Asplenium scolopendrium
Common Name: hart's tongue fern 
Type: Fern
Family: Aspleniaceae
Native Range: North America, northern Africa, western Asia, Europe
Zone: 5 to 9
Height: 1.00 to 1.50 feet
Spread: 1.00 to 1.50 feet
Bloom Time: Non-flowering
Sun: Part shade to full shade
Water: Medium
Maintenance: Low
Leaf: Evergreen
Tolerate: Rabbit, Heavy Shade

Culture

Best grown in medium moisture, well-drained, alkaline to slightly acidic soils in part shade to full shade. Thrives in humusy, limestone soils. Needs superior soil drainage to avoid root rot.

Noteworthy Characteristics

Asplenium scolopendrium, commonly called hart’s tongue fern, is a rhizomatous, evergreen fern that typically produces an erect-arching clump of tongue-shaped, leathery, bright green fronds (12-18” long) which may have wavy margins. Sori are arranged on the frond undersides in rows that purportedly resemble the many legs of a centipede (skolopenda meaning centipede in Greek). Primarily native to Europe, although there exists a rare American variety (Asplenium scolopendrium var. americanum) that reportedly may be found in a very limited number of sites in Alabama, Tennessee, Michigan, New York and Ontario. The American variety is currently classified as threatened in its entire range. Plants sold in commerce are the European variety.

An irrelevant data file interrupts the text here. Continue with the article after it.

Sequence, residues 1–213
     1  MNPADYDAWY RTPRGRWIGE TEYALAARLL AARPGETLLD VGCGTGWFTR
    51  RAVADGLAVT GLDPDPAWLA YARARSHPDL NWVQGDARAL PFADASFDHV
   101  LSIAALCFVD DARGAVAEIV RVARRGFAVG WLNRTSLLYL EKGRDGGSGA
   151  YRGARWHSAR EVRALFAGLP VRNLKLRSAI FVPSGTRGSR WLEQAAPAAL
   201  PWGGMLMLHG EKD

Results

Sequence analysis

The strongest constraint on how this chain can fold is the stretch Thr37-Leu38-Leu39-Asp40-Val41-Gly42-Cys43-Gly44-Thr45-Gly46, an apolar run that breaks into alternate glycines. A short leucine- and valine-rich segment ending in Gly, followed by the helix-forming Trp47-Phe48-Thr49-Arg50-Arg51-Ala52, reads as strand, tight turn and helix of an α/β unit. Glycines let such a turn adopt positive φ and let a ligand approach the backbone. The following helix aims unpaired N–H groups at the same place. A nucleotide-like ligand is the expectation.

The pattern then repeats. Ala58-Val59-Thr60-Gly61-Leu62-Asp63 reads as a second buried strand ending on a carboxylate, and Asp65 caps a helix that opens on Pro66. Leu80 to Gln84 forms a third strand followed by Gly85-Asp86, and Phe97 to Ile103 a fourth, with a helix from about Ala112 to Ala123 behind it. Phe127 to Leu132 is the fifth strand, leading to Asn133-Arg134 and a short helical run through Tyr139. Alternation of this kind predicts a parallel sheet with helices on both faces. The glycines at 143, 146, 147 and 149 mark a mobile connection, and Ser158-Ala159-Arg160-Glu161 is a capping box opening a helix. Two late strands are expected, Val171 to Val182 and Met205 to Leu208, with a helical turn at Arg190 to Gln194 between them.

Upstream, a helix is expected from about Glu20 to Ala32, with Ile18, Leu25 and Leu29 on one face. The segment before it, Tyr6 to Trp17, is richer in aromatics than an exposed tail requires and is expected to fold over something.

Formerly included in the genus Phyllitis and is synonymous with Phyllitis scolopendrium.

Genus name comes from the Greek a meaning without and spleen meaning spleen.

Specific epithet means millipede an allusion to the rows of sori.

Common name is in reference to the supposed resemblance of the frond shape to a deer’s tongue.

Problems

No serious insect or disease problems. Root rot can be a problem in poorly drained soils.

Garden Uses

Woodland gardens and shade gardens. Good selection for shady areas of limestone rock gardens.